Answer the Right Question

A mentor gave me this advice: “The customer doesn’t want you to solve his problem before you really understand it. The problem is an opportunity for conversation and connection, to have fun and build trust. Don’t solve the problem too quickly. Make a good conversation last as long as you can.”

If, like me, you like being an expert or need to feel useful (or be right), it’s tough to resist solving a problem as soon as you see one. We pounce on whatever smells solvable.

Curiosity is a reliable source of fresh inspiration for us reflexive fixers.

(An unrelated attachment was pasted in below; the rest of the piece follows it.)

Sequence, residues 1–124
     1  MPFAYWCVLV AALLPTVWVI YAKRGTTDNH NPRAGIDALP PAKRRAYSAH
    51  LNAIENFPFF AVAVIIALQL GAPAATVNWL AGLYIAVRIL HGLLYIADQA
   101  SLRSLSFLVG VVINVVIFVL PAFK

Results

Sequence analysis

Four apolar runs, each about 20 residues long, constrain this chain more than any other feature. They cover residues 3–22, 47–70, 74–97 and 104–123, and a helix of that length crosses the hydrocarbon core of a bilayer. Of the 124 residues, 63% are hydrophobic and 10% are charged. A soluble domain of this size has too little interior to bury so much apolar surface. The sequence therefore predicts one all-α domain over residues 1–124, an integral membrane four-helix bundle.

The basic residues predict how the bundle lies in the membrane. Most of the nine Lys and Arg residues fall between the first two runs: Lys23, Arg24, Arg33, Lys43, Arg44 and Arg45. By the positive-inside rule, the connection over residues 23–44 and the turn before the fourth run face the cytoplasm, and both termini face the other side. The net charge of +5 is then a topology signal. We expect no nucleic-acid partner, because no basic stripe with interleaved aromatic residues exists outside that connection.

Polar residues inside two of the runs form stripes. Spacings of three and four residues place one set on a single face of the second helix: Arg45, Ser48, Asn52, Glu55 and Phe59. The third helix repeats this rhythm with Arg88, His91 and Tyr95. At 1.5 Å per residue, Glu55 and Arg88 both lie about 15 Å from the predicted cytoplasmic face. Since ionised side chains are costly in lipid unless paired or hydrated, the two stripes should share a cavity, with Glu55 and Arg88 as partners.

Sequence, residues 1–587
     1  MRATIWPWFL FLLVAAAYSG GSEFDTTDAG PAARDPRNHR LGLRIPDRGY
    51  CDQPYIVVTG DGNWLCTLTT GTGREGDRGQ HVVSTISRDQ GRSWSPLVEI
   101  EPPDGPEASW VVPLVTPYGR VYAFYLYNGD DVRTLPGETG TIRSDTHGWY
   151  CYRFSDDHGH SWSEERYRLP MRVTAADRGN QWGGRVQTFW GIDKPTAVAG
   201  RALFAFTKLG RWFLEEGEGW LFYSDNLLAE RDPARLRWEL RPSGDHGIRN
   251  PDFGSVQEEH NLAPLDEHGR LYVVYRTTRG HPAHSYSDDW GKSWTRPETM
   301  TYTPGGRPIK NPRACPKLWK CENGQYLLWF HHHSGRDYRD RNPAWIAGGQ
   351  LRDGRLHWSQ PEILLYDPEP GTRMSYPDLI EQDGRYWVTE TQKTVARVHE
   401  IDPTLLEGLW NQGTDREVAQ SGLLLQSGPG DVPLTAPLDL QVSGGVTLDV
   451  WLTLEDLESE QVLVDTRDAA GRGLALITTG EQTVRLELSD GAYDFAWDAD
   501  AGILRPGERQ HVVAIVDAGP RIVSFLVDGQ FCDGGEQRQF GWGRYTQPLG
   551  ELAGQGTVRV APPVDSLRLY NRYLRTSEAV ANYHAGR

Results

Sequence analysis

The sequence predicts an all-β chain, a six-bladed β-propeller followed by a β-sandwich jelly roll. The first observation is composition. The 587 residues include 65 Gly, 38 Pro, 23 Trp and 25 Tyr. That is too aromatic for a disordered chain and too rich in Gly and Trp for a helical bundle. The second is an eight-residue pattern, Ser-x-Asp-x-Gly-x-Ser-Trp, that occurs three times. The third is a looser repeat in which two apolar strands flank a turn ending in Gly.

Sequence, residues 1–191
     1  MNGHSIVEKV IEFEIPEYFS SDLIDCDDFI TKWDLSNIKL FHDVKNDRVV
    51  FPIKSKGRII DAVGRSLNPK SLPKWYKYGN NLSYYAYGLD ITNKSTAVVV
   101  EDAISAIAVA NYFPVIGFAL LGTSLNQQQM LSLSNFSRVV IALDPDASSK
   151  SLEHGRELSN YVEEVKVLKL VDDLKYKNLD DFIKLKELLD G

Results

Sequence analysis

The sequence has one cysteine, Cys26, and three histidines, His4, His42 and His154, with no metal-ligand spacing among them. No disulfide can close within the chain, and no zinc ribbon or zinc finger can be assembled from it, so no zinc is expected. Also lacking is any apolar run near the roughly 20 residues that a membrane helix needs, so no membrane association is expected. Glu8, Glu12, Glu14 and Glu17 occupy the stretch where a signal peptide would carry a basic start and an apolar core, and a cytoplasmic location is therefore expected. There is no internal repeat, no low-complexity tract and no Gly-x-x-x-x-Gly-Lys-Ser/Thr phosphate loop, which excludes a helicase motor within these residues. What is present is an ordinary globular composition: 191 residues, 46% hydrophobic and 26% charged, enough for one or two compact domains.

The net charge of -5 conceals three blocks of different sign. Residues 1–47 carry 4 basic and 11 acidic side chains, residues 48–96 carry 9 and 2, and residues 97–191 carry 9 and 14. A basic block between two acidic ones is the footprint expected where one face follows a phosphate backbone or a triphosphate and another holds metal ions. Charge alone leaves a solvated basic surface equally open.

Wonder: What’s really going on? What is this puzzle really about? Why does she care so much?
If you practice curiosity, you can override the impulse to fix and learn to hear the “question behind the question.”

I overhead this conversation at my friends’ house:

SHE: Do these pants make me look fat?
HE: I love you so much it terrifies me, and every morning when I wake up beside you, I can’t believe how lucky I am — and I don’t much like those pants.

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